Despite the brevity — or perhaps because of it — the one-night, short-drive getaway can deliver an ample dose of relaxing escapism, providing a quick respite and recharge without requiring much attention to planning or packing. There’s really no reason that you can’t tackle a spur-of-the-moment one-nighter in whatever you happen to be wearing, which is especially true when absconding to full-service resorts like the Ojai Valley Inn, where fluffy, in-room robes cover whatever attire gaps arise. And for the lucky many whose incomes remained steady during the pandemic as extracurricular expenses evaporated, there’s never been more ability or impetus to splurge a little bit, especially if only for one night.
For food-and-drink freaks, the Inn appeals more than ever. In February 2019, the property unveiled The Farmhouse at Ojai, a $20 million epicurean event center that’s since attracted top chefs from around California and beyond to strut their stuff in front of fascinated, high-paying guests. Full of both indoor and outdoor spaces for mingling and dining — though even the high-ceilinged interiors feel al fresco — the center features a massive open kitchen with large overhead screens to watch chefs cook, winemakers pour, and everyone tell their stories.
This past February, when COVID-19 still felt very much like somewhere else’s problem, my wife and I were invited to spend the night at the Inn in order to fully enjoy a Farmhouse dinner. Our evening was called “A Taste of Baja” and showcased five chefs from Valle de Guadalupe, which has long been Mexico’s primary wine-growing region but became a darling of culinary culture over the past decade.
The affair began with tinga empanadas, ceviche tartelettes, and elote bites as the 70 or so guests crowded around the outdoor bar, where free-flowing tequila drinks offered a chance to extract extra value for those who forked over $375 each to attend. Once seated at a handful of long, communal tables inside, our attention turned to the screens, the chefs, our plates, and our glasses. Star restaurateur Nancy Silverton of Mozza, who is The Farmhouse’s official ambassador, welcomed the crowd, a stylish, mostly Los Angeles–based coterie in which our lower-forties age bracket skewed young.
We sipped eye-opening aligoté by Tresomm between bites of David Castro Hussong’s broccoli with sesame seed; cheersed with Adobe Guadalupe crisp rosé alongside Sheyla Alvarado Acosta’s octopus with brisket confit, red pipian, and blue corn tortillas; and tucked into smoked squab with squash, chorizo powder, and pumpkin-seed vinaigrette by Drew Deckman while enjoying Bruma’s Plan B red blend.
The food was delicious, though I was most excited about the wines, having learned a good deal about the Valle during food-focused trips to Mexico City, Oaxaca, and San Diego. The final meat course was venison with olive mole, apple tepache, and baby turnip by Javier Plascencia, served along the Lechuza cab, which was the only wine I found to be overripe, a common problem for Baja’s hot vineyards. Maribel Aldaco’s chocolate and banana dessert was washed down refreshingly by Bodega Symmetria’s sparkling grenache.
Despite the high ticket price, the service and run-of-show was quite loose and casual in nature — which I prefer when executed well — and our only gripe was that the chef presentations occurred after we’d already wiped each dish clean. No doubt there’s a healthy slice of figuring-it-out still cooking at The Farmhouse, which makes sense — the beautifully ambitious venue is unlike any other experience I’ve ever heard about when it comes to pairing kitchen performances with delicious food on a steady schedule.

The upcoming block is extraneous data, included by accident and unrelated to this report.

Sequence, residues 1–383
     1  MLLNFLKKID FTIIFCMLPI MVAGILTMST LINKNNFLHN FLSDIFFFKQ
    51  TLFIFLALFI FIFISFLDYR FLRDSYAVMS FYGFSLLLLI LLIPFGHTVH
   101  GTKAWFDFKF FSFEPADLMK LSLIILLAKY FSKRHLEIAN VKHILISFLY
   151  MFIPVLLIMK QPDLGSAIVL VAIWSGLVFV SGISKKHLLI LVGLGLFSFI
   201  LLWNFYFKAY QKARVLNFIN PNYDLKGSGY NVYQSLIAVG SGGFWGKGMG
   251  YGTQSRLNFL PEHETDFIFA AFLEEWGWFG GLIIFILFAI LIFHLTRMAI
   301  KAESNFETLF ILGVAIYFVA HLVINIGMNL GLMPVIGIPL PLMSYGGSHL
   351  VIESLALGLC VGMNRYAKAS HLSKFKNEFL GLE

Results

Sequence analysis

An even sharper learning curve was coming, as we all now know. As the pandemic pounced, The Farmhouse went dark, and the Inn was shuttered for a couple months, reopening on June 22. In recent weeks, the lights also went back on at The Farmhouse, which is now hosting al fresco events in which those who purchase tickets together are seated at the same table. (Goodbye communal fun for now.)
There are now 30 events scheduled into December, with multiple options each week, ranging from pasta- and macaron-making classes to whiskey, cheese and wine, vegan cuisine, and how-to-sabre-your-bubbly workshops, all around $100. (There are $85 kids’ classes too.) The bigger-ticket items are the guest chef dinners, including pasta guru Evan Funke of Felix on September 25 ($325), Josiah Citrin on October 24 ($395), and Nancy Silverton doing her Mozza thing on December 4 ($325). For headier fare, there’s a conversation about sustainability and food with Ruth Reichl, Laurie Ochoa, and Jeff Gordinier on December 5 ($275).
Of course, you’d do just fine on the food front at the Ojai Valley Inn even if The Farmhouse wasn’t part of your plan. Before we checked into our fireplace suite — whose long balcony overlooked the property’s red-tile roofs and sunset-pink Topa Topa Mountains in the distance — we stopped at Jimmy’s Pub for fish tacos and simple yet addictive pub chips, a perfectly salty foil to our Skinny Margarita and Ojai Buck cocktails, the latter a copper-cupped twist on the Moscow Mule. The following morning, we ate breakfast at The Oak, sipping Bloody Marys over avocado toast and the Ojai Omelet, though the crisp roasted potatoes were the star.
We reluctantly departed this dream after less than 20 hours, but we stopped in downtown Ojai before heading home. The farmers’ market bustled, Treasures of Ojai entertained our antique dreams, and church bells rang as I popped into Bart’s Books for a quick literary spree, an altogether carefree morning that gently prepared our return to real life.
Little did we know that just a few weeks later, everything would change. Never has escaping, even for just one night, seemed so vital.
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